It seems that the ideas of Software Systems’ Architecture and Software Design are coming back into fashion once more. My how the pendulum swings! Having been conflated with Big Design Up-Front (and Waterfall Methodology), the notion that we might profit by spending some time in actual software design before leaping in to coding fell into disrepute. And now that a generation of developers have coded themselves into the inevitable spaghetti-code nightmare, I find a renewed appetite for the disciplines of Architecture and Design. An opportunity for me to add value: Time for an Architecture Workshop.
Cross-pollination across industry silos. Real-world experiences and war-stories around structured themes in systems’ architecture. An exploration of tested tools, time-saving tricks and treacherous traps, a sharing of Do’s and Don’ts by experienced practitioners of software architecture.
This is not a course for devs who want to make the leap into software architecture. I plan to do something about providing just that pretty soon. (Get in touch with me if such a course would be useful to you. It will help me prioritise what I’m working on.) This is an experience round-table for those who have ventured into the tech jungle, hacked their way into an impassable tangle and then had to carve a path back to civilisation. They returned with the bruises, scratches and missing limbs to show for it, and the workshop is a unique opportunity for everyone to learn from the perils of their journey.
Learning experiences in software systems’ architecture tend to be expensive, long duration and have enduring consequences (sometimes decades). Opportunities for in-the-wild tests of alternative, competing architectural choices and tools are generally few and far between for any practicing systems’ architect, and broadscale adoption of entire new architectural methodologies and languages often proves impossible due to corporate inertia and organisational constraints.
We have to learn from one anothers’ experiences if we’re to become better software systems’ architects. That’s what this workshop is for.
This will be a three-day round table engagement – a series of structured conversations around topics central to software systems’ architecture.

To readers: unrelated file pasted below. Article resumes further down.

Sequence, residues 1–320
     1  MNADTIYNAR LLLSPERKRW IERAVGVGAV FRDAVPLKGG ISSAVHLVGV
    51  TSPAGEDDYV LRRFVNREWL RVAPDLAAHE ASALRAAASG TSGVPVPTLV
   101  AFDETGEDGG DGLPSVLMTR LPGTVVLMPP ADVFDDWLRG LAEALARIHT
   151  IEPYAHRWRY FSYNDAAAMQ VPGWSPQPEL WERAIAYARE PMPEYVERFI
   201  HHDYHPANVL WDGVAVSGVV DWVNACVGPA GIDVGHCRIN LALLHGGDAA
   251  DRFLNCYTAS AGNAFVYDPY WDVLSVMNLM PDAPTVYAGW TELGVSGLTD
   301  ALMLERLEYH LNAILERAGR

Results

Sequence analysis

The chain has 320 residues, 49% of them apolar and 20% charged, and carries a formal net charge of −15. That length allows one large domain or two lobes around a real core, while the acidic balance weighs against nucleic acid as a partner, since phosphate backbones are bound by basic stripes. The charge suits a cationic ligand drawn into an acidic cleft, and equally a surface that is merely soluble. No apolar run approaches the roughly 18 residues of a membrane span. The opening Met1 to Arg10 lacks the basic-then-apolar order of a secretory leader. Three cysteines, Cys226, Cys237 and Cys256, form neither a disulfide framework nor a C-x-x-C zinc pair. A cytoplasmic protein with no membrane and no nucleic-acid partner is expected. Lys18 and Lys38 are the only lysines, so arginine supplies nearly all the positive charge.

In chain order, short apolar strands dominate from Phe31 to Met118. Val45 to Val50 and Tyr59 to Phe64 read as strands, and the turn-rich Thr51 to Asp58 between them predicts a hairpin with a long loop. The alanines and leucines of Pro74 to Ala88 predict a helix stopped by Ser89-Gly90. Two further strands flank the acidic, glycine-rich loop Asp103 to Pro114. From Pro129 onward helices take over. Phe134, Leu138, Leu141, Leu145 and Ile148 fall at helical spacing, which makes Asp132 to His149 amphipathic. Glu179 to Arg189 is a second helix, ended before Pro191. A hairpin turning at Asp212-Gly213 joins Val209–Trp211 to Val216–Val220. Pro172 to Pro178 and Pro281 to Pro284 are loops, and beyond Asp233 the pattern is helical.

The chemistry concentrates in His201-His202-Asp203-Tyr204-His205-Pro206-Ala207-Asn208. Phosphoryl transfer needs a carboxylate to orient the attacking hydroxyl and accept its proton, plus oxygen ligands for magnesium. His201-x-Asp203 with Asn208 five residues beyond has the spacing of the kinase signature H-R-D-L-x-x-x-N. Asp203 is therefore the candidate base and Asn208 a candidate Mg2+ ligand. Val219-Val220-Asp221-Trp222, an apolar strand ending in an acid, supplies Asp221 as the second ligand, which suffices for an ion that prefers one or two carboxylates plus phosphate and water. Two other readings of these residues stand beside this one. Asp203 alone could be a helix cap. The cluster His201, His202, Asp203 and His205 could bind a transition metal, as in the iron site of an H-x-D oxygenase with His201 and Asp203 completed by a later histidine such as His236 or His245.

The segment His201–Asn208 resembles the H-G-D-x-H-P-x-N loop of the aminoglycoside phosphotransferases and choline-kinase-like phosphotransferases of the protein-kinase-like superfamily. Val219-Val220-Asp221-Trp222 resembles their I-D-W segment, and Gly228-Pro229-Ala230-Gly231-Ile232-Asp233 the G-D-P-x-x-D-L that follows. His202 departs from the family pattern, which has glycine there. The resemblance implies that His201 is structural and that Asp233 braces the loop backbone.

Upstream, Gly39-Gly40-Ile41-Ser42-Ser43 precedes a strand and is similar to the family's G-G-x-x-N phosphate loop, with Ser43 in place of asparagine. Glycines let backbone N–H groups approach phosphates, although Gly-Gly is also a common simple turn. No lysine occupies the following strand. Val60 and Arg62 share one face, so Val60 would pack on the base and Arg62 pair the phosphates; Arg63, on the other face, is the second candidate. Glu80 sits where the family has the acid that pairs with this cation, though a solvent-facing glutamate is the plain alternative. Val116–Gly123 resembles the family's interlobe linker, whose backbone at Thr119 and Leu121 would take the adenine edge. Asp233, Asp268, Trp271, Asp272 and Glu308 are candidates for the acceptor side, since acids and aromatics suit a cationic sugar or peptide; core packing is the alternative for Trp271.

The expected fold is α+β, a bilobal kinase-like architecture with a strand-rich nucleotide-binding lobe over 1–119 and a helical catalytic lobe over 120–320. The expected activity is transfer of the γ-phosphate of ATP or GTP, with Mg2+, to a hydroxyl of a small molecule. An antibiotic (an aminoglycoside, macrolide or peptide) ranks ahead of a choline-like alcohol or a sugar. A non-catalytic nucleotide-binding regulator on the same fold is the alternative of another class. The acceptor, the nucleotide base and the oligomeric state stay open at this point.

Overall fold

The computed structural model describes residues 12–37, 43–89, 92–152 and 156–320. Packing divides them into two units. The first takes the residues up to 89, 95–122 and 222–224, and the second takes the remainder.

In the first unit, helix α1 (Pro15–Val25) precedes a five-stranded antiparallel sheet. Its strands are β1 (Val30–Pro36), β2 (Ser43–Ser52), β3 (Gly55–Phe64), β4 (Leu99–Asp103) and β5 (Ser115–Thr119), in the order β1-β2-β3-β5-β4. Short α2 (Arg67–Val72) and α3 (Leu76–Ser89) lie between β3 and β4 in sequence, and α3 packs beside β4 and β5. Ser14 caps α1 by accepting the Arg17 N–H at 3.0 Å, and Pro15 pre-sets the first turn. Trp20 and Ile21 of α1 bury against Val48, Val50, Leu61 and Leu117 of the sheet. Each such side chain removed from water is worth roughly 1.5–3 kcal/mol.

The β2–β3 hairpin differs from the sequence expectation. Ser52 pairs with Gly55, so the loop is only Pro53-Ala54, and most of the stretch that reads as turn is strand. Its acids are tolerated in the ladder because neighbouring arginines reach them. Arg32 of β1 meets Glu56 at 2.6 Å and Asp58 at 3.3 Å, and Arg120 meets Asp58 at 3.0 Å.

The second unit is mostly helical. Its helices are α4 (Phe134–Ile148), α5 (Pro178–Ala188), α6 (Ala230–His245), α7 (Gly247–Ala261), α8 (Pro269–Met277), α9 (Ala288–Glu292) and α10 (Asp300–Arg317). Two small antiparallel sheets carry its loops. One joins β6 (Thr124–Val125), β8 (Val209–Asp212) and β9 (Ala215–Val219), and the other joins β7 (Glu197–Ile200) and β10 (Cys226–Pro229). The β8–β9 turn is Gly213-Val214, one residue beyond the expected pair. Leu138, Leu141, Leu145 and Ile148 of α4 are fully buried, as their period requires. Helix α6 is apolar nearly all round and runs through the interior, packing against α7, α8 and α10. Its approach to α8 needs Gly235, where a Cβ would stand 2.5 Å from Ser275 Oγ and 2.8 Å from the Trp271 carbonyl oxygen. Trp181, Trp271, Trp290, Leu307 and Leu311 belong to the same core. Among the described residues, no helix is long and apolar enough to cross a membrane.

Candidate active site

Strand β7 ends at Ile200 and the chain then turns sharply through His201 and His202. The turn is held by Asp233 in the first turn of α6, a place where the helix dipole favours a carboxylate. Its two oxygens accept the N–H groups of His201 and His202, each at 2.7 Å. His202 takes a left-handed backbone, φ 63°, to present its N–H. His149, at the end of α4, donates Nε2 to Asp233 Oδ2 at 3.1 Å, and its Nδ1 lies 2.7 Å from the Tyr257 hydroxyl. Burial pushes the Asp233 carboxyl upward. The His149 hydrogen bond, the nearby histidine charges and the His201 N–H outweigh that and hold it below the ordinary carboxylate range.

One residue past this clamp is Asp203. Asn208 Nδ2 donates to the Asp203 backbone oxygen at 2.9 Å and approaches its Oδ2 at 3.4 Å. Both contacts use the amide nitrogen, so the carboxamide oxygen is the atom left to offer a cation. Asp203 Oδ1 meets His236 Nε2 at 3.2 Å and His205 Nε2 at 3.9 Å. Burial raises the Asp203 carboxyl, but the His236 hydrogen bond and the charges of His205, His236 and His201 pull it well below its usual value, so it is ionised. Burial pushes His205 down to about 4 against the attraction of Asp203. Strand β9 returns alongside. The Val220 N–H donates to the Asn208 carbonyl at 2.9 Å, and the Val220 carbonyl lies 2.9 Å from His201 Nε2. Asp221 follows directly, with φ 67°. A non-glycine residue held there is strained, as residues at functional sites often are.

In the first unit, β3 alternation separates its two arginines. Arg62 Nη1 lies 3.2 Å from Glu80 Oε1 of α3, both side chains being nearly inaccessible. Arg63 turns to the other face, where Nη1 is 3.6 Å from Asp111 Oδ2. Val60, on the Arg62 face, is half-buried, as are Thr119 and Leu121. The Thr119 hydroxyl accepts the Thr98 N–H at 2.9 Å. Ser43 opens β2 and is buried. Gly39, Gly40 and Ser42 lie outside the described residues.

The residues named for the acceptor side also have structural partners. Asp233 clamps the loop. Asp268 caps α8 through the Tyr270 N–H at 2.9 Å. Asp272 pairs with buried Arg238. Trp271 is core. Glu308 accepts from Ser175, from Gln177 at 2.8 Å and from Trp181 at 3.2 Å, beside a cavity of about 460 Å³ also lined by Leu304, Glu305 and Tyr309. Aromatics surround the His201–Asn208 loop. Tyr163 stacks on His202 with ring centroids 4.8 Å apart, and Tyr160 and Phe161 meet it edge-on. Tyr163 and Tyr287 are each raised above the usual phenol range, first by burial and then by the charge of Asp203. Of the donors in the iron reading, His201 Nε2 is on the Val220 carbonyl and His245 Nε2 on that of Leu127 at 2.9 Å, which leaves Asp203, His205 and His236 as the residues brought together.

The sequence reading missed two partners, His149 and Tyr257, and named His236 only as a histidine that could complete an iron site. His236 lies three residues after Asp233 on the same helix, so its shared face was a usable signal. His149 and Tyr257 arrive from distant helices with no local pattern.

The idea is to lay out a set of interesting architectural alternatives in relation to a given topic and then draw on the expertise and experience of workshop participants to come up with appropriate contexts for their use, and actionable insight into the consequences (good and bad) of their implementation.
We might choose to have a discussion on “Inter-Systems Communication Architectures”. And we might identify several options to choose from: Services/Micro-services, Protocol Buffers, Message Busses, Tuple-Spaces, and so on. We would strive to identify tools that our workshop participants know and have some experience implementing, and they’ll be encouraged to share (honestly!) their experiences so that other participants might learn from their wisdom.
Participation will be limited to 16 people in total so that all voices may adequately be heard, and no more than two people from any one company/organisation, aiming to ensure the diversity of experiences and architectural contexts.
Here’s where I could use your help! Here’s a short list of potential topics I’ve identified. They may or may not be interesting to you. Please get in touch and let’s start talking about what the most interesting and high-value experience reports might be.
- Inter-Systems’ Communication: Services, Micro-services, RPC, Message Busses (MQTT, ActiveMQ, etc.), Events…
- Security Architecture: Client-side? Server-side? On the wire?
- Scaling and Distribution: Containers, Provisioning, Lambda-services, offshoring storage,…
- Architectural Process and Languages: UML, C4
- Patterns of System Architecture
- Skills: Hiring and Retaining Tech Team, Inspiring, Mentoring, Enabling and Growing People.
- Agile modelling and iterative design
- Architecting for failures
Consider this a first-iteration in agile Workshop Development, a sort of Architecture Workshop MVP. Your ideas are vital in directing the discussion and crafting the conversation. We will revise and reprioritise the topic-list as the very first activity in the workshop itself, so participants should come armed with their own burning issues, questions and itches to scratch, and together we’ll figure out where and how to fit them into the programme.
I could really use your help with this workshop. Help me get the word out so that we can attract a great group of participants… the people with the most to teach us. In times past when I’ve run similar workshops participants have almost universally acclaimed them as among the best, highest value experience of their careers.
I’d love the opportunity to deliver outsize value. Please help to make it all happen.
 Workshops were then under the Sun Microsystems banner, and were an enormous success before some committee in California sucked the life out of the course and turned it into a dull, pale ghost of its former self by inflicting their bastardised version of RUP on the world.